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hidon't know if you've checked it out but there is an active home cockpit builders forum on this site. The contributors on there should be able to assist with both hardware and software. Some of the cockpits the participants gave built are unbelievable.Steve

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That is sweeeeeeeeeeeeeeeeeeet :)Whats the goal? Air experience flights as part of the Alpha sales operation? Or actual flight training? You could be the one who proves that the difference between gaming and simulation is getting smaller by the day!Allcott

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It will be used as part of the pilot training program. The simulator was originally used for instrument training back late 70's, early 80's. Since computers have become so much more powerful, I thought we could give it a facelift and add visuals to the simulator experience. Honestly, I had no idea that there were so many people building their own cockpits until I stumbled upon someones website! That embolded me to dig deeper and got me thinking it could be pulled off.

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>At this point I would rule out FSX. Simconnect should be the>solution, but it isn't even working properly yet within the>sim, so adding outside stuff? Probably hellish!>>But I would recommend checking out the previous version of>Flight Sim - FS9 (or Flight Simulator - A Century of Flight>FSACOF as it is also called).>>Being an established version with a history spanning several>years, many of the early difficulties you would face>integrating something even we simmers can't get right yet>might be avoided, and there are software houses already extant>who would welcome the challenge. >>Your first port of call should be:>>http://www.schiratti.com/>>where you will find integration utilities and a wealth of>exxperience in just the kind of project you are interested in.>I also recommend you follow the links on their site and>establish early communnication with Pete Dowson, who for many>years has been developing FSUIPC - Flight Simulator Universal>Interface for PC, which could be exactly the interface you>need to get the disparate electro-mechanical bits talking to>the digital bytes.>>I'm sure others will come up with other suggestions, and I>suspect a few may also recommend sticking with FSX as it is>the future.>>Good luck, and can we forum members bagsy first play when its>finished!? :)>>>AllcottI know your position on FSX, but I'm very curious about your comment on SimConnect. I haven't failed to incorporate anything I've tried. I know there have been some logged bugs in regards to weather, but what exactly makes it "not working properly" within the sim?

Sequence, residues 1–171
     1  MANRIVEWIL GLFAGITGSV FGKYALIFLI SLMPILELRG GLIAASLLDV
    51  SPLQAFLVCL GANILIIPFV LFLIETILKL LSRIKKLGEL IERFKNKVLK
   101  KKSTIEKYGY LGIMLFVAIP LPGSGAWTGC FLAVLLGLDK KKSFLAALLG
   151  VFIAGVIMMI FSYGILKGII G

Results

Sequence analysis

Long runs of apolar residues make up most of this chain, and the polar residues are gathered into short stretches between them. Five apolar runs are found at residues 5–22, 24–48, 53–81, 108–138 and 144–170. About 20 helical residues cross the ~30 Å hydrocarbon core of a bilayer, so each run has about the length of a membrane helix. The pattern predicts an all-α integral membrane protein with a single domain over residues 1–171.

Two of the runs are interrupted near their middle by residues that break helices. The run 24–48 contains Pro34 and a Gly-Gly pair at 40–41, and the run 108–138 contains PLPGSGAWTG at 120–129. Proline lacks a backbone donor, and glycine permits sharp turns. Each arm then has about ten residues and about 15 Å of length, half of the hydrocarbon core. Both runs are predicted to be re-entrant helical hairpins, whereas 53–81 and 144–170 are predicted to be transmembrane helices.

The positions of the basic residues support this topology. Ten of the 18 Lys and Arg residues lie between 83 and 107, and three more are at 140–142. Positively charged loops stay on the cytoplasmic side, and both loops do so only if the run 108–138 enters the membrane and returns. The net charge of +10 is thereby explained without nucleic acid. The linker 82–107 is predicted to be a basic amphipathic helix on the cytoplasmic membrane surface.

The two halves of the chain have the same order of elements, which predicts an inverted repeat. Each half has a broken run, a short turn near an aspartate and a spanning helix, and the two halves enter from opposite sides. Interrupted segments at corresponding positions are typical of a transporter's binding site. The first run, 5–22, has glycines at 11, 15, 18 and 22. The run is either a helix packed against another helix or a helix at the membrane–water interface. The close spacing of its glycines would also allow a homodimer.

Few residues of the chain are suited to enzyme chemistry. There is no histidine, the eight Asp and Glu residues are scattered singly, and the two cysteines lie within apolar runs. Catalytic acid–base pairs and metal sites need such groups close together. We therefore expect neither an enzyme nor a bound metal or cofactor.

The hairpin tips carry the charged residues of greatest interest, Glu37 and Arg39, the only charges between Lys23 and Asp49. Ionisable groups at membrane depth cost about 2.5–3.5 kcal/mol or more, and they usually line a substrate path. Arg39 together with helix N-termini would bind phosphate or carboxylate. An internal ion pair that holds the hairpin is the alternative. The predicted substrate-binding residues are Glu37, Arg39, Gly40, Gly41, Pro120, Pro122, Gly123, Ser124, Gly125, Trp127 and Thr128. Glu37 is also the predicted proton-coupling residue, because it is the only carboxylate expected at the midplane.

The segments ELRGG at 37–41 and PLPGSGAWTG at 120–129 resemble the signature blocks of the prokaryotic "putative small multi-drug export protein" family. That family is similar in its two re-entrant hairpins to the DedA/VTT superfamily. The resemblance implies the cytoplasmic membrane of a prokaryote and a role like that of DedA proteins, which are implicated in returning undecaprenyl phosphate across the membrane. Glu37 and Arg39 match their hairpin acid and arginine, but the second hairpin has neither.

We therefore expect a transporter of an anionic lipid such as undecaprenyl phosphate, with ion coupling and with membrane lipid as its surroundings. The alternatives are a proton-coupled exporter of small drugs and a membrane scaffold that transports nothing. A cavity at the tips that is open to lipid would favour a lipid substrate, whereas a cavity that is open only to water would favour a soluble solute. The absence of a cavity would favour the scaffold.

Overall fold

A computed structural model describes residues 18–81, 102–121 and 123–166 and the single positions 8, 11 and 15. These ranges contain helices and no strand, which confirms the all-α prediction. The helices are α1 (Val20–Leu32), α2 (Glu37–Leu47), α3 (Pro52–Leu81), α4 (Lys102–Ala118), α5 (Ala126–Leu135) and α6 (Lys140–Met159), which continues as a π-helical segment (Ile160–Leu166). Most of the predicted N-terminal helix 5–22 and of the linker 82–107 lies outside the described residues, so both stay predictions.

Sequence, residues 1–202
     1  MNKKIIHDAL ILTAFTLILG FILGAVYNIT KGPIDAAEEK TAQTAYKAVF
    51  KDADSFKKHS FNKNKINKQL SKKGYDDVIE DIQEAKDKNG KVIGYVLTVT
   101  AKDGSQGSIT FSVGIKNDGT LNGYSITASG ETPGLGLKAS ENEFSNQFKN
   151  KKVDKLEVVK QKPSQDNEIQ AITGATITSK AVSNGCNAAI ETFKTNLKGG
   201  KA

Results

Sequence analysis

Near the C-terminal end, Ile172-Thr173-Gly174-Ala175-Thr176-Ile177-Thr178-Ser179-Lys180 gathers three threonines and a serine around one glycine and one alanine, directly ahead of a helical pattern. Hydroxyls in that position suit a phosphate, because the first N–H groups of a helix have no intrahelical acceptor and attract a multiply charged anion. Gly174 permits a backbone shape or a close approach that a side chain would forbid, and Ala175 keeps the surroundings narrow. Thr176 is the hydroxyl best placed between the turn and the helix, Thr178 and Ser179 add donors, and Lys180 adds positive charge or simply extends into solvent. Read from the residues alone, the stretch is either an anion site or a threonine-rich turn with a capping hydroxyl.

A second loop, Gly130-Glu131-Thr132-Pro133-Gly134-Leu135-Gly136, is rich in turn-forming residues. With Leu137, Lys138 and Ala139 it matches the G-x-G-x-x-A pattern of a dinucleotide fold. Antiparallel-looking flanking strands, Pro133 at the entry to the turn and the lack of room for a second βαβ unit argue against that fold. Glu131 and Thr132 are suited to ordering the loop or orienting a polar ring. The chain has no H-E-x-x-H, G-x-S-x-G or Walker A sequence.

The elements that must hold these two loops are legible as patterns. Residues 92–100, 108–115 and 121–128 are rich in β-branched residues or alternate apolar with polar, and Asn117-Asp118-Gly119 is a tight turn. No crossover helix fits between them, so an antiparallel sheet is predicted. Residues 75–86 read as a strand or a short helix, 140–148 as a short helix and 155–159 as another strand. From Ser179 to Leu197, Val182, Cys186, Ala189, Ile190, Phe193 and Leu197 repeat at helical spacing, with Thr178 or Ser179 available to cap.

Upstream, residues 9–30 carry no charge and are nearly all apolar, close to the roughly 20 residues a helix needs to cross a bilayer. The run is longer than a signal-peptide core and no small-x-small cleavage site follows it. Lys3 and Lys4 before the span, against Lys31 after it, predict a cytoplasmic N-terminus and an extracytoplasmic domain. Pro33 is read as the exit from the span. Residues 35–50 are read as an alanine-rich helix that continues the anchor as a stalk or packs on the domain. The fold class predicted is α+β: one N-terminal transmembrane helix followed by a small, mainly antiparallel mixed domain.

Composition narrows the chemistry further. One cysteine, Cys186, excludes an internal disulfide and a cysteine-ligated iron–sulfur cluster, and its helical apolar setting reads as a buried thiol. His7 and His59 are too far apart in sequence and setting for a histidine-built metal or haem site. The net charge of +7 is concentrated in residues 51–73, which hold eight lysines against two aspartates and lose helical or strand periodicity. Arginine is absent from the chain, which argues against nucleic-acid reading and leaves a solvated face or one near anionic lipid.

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I'm not sure if this is feasible but... How 'bout:- retain all of the existing IFR-capable hardware/software bits, and use FS-X or FS9 or whatever (X-Plane?) purely to generate the out-of-window graphics views.It seems to me that if you can get lat/long/altitude coordinates out of the hardware, which I would think would be trivial if it's capable of simulating real-world instrument approaches, then you could drive any of the sims I listed to generate visuals - even if you have to do clever things to parse/process the data that the sim hardware generates to drive the simulated instruments.In other words, KISS (Keep It Simple) and leverage what someone probably spent hundreds of thousands of dollars to make all of the hardware your client has "work". I would think that writing everything from the ground up would be very expensive.Dave Blevins

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The reason we're going with FS2004 is not just the visuals, but also because the probability of getting the old TI-980 up and running is slim-to-none. It's been exposed to some elements and it's very likely it would never "boot". In addition to the ancient HW, it erquires a trained technician to operate the system. Everyone who was trained on this simulator has long since retired. :)- Ronhttp://home.comcast.net/~bimmer4011/

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>Pete Dowson has written pretty extensively on some of the>bugs he has found.>>Thomas>>[a href=http://www.flyingscool.com]>http://www.flyingscool.com/images/Signature.jpg [/a]>>I like using VC's :-)>N15802 KASH '73 Piper Cherokee Challenger 180Oh, Peter has certainly uncovered some things. I thought he was saying that it was completely unusable, in which case I wanted to know what he was trying to do so I could give it a crack myself.In other news, I got my TrackIR, and like my CH Yoke, I can't imagine how I ever flew without it.

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Just got the track IR yesterday and CH yoke and pedals 2 weeks ago. What a difference it all makes. Now if one could purchase a home built cockpit like th OP's for around 200 bucks ....... I'd be divorced again.Ian.